Many people have made a career out of ridiculing various communities’ accents. Comedy shows such as Churchill and Redyukulas, Red Korna, Vioja Mahakamani and the rest have comedians whose job description is limited to speaking in broken or accented English, depicting how Central Kenya, Luos, Luhyas, Kambas and how each tribe speaks their second language, never making any decent jokes worth any discernible laughter.
While some accents can be laughable, at an intellectual level, it is the driest source of comedy, anywhere in the world. We have Willis Ochieng’ who comes to KTN on Fridays to teach how to pronounce English words. A very useful exercise, as I have learnt a few pronunciations, but it is ridiculous. I wonder what if someone from Britain came and found that we have someone who comes at Prime Time to teach us how to pronounce words!
But he earns from it. We usually make a fuss, if a public official tries to speak in accented English. When Justice Philomena Mwilu and Chief Justice David Maraga read their judgements, their accents were a source of doubts about their intellectual abilities, compared to Justice Ojwang and Njoki Ndung’u. But the substance of the two rulings was like day and night. Both Ojwang and Ndung’u engaged in sophistry and circumlocution, what Americans call filibustering. Mwilu and Maraga, given the weight of the evidence they had gathered evidence were brief and to the point. And they carried the day.
I have noticed people who speak in the so called great accents are usually very empty and some of the people with the thickest accents are deep and very knowledgeable. I love Indians especially, because they never struggle to impress much trying to speak the best “British English.
If you learn a second language on top of your mother tongue, of course you will have an accent, unless you take a studious approach to rid yourself any legacy of your native accent. But it is largely a futile exercise. Kenya is the most brainwashed country in Africa and the most westernized. We are particularly very averse to anything made in Kenya. We insist on naming our kids the most American (especially African American) names, we only listen to American music (the whole world does, but some countries have struck a formula of giving their countries’ music and art a fair share of their time). In Kenya we accord Kenyan art and any creative efforts, the shortest shrifts of time. That is why we have a very shaky patriotism, torn asunder by our noxius negative ethnicity.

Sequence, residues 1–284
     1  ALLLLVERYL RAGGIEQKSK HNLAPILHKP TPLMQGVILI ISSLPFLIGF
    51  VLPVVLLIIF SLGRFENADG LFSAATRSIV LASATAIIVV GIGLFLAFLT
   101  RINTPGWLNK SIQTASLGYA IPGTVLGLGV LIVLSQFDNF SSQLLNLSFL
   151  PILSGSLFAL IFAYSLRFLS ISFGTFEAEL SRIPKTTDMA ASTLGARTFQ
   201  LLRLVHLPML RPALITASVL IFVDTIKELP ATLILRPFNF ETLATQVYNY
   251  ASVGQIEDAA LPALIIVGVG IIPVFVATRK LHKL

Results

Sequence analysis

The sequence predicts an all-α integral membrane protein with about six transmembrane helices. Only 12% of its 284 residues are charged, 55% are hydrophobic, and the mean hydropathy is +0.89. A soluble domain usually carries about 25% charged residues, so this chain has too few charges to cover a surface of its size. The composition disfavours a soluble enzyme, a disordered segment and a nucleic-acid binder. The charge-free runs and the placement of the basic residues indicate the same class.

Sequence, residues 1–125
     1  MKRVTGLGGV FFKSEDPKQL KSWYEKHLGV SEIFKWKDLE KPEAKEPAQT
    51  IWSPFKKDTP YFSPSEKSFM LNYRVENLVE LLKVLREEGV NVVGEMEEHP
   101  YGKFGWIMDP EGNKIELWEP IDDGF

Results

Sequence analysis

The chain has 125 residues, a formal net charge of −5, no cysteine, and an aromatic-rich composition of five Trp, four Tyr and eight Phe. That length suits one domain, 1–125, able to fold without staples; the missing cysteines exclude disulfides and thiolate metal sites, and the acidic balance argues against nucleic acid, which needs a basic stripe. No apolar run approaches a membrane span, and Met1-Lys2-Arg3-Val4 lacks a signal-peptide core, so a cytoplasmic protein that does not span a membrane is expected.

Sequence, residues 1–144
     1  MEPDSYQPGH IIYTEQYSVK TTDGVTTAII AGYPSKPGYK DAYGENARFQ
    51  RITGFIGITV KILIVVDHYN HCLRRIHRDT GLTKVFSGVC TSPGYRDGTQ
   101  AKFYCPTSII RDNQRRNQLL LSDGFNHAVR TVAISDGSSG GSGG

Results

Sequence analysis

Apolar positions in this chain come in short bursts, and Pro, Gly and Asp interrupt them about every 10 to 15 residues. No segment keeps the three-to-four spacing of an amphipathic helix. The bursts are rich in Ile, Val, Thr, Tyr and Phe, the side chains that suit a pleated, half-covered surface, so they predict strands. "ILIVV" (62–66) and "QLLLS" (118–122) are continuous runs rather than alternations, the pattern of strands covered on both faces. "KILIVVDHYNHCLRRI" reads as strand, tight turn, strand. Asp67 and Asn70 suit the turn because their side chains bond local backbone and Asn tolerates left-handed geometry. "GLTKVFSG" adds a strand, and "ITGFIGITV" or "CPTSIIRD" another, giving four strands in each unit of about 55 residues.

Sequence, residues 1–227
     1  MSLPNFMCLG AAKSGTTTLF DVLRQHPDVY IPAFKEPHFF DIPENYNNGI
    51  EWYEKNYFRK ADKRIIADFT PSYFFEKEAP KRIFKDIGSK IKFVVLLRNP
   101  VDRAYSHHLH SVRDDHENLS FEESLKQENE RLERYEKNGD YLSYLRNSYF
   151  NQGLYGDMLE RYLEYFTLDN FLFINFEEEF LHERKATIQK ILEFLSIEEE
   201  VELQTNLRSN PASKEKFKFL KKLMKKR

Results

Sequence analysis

For other countries like Nigeria, you will scarcely know if they have internal tribal problems between the largely Muslim North and the largely Christian South.
We saw last week Kenyans arriving in London where Raila was addressing a crowd, and there were two sides of the crowd. Those fighting for democracy, respect for human rights, and having credible elections and credible institutions. And then, there was another group airing their dirty linen in public, without any hint of irony, really disgusting.